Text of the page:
They found a paystub on Engeldinger's nightstand. On his TV stand, police found a folder with paperwork about a discrimination lawsuit and a letter that Cooks, the Accent Signage supervisor who later fired him, sent Engeldinger about his persistent tardiness.

Employee Melissa Ritzer told police after the shooting that Engeldinger had "ongoing issues with two company executives." She said she believed that "Andy had filed a lawsuit against them and the business."

A search of available court records did not find any lawsuits involving Accent Signage or Engeldinger.

Reuven Rahamim
This July 2012 photo provided by Finance & Commerce shows Reuven Rahamim, owner of Accent Signage in Minneapolis, with a machine he invented for putting Braille lettering on signage. Rahamim, 61, was shot to death at his company on Thursday Sept. 27, 2012, by a man who burst into the building, shot several people and then killed himself.
AP Photo/Finance & Commerce, Bill Klotz

Police inspected Engeldinger's personnel file and found documents indicating he had problems producing quality work, showing up for work on time and dealing with other employees.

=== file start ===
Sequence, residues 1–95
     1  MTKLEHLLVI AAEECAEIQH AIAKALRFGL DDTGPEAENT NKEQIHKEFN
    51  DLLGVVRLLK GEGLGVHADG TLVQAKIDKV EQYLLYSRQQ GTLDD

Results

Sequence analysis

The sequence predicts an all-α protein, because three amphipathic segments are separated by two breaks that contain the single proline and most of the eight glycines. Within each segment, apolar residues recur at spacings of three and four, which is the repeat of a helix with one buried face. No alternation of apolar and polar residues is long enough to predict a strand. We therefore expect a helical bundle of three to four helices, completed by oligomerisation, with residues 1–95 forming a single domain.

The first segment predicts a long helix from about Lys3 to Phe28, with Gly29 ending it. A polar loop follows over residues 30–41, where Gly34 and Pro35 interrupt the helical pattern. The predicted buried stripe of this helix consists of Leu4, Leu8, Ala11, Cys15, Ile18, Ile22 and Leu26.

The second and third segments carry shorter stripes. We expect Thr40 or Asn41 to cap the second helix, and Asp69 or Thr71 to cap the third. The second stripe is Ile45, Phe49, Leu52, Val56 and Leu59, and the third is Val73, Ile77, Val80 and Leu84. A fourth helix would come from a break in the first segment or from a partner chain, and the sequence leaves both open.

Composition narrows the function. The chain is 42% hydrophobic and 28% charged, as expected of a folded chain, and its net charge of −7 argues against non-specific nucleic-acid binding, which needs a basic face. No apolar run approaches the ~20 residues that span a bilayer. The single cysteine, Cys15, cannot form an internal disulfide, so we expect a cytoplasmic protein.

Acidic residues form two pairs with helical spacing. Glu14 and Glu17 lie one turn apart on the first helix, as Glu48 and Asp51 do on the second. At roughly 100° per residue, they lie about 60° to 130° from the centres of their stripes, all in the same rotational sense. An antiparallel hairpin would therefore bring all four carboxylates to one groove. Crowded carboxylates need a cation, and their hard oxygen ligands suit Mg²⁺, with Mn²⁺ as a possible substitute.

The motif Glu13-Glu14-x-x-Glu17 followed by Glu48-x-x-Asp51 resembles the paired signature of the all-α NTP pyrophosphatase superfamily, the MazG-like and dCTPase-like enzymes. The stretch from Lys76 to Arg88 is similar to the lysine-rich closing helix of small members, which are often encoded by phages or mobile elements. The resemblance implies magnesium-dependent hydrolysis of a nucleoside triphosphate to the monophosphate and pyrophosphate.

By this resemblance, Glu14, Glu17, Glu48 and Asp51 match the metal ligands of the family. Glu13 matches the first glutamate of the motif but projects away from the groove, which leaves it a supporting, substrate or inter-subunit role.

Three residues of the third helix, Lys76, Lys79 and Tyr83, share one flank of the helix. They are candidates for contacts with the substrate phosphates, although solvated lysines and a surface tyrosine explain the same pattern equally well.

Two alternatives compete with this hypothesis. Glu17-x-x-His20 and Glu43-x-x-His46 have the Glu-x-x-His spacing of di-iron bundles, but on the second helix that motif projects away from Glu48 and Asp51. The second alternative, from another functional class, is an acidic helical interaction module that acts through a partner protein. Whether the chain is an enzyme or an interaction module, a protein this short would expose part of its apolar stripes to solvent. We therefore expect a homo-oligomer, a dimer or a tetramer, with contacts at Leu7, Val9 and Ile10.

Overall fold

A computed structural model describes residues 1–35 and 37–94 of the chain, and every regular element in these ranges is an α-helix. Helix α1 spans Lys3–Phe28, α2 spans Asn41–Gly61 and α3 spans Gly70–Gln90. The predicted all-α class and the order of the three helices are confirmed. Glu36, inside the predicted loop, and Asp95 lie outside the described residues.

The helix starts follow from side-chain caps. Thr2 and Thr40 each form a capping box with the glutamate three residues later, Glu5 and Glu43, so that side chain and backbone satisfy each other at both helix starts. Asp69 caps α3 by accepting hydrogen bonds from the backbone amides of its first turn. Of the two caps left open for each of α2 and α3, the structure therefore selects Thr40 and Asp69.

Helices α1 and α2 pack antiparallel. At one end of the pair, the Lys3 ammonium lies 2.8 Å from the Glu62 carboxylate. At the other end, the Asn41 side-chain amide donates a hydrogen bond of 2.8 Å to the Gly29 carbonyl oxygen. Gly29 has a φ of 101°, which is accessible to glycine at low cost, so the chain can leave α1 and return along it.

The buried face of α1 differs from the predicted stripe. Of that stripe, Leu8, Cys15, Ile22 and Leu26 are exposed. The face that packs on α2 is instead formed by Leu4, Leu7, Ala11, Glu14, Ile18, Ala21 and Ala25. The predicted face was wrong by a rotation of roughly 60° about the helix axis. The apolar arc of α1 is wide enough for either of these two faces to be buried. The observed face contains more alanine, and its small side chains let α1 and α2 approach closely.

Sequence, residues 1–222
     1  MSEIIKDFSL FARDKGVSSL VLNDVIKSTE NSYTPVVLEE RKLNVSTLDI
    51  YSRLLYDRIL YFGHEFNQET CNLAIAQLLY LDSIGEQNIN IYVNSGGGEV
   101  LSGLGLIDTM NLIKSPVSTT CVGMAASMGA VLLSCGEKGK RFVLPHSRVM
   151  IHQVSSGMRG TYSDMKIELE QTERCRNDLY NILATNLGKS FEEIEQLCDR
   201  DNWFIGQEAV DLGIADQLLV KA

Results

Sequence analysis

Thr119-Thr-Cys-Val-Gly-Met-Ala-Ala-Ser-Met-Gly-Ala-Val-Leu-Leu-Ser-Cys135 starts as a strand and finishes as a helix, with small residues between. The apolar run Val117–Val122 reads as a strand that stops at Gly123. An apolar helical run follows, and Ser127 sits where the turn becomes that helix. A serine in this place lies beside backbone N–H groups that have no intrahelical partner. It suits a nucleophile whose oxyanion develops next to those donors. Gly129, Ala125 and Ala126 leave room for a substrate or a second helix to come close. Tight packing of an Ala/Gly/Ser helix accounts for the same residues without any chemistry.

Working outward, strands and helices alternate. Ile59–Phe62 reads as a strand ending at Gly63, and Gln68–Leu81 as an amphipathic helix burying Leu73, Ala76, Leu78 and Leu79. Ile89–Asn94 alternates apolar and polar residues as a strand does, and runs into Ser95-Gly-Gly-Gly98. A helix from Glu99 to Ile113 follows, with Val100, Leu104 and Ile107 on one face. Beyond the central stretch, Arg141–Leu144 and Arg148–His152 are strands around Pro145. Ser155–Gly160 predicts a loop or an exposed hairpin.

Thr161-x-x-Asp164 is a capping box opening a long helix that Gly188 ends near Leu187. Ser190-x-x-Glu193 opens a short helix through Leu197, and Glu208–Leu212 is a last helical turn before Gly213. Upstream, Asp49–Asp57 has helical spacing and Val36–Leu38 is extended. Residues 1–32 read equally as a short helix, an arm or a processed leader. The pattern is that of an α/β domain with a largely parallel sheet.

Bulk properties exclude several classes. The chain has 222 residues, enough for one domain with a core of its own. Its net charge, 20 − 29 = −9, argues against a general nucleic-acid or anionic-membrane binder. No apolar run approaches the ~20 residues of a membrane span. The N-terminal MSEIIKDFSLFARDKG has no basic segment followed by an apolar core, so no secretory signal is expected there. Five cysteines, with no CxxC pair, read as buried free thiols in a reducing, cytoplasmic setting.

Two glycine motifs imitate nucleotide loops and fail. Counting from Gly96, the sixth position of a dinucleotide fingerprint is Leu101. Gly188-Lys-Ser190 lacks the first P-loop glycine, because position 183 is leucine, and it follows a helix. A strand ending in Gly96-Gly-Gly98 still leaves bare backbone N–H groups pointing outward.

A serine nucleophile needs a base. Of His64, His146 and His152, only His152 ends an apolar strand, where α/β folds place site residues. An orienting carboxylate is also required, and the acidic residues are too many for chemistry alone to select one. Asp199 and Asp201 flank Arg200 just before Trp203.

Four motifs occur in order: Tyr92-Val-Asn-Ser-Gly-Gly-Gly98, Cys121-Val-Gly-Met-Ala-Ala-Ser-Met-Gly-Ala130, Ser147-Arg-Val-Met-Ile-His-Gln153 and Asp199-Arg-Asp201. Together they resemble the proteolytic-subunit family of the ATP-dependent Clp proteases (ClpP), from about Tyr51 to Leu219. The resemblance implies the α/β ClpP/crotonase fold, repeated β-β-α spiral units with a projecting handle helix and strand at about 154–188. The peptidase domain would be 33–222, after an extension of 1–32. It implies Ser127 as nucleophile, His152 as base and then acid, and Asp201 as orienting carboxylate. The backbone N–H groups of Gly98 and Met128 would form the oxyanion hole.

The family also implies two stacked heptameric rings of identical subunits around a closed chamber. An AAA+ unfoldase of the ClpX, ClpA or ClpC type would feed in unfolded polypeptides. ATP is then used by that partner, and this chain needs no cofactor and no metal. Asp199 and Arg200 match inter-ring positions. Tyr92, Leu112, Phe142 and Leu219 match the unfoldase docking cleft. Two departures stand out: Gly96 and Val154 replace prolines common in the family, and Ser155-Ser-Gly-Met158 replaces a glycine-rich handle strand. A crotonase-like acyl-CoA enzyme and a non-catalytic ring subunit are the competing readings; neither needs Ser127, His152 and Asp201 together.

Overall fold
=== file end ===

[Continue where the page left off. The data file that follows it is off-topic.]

McAdams, the Accent Signage employee, told police that Engeldinger had anger problems but had been "unusually polite" in the days leading up to the shooting.

The morning of the shooting, McAdams decided to talk to Engeldinger because he seemed to be in such a good mood. She approached him around noon and said hello, but by that point, she told police, Engeldinger seemed to be in a bad mood.

"So she just let it go and believed Andy to be back to his old self again," the report said.

The killing began less than five hours later.

• Follow Madeleine Baran on Twitter:

Your support matters.

You make MPR News possible. Individual donations are behind the clarity in coverage from our reporters across the state, stories that connect us, and conversations that provide perspectives. Help ensure MPR remains a resource that brings Minnesotans together.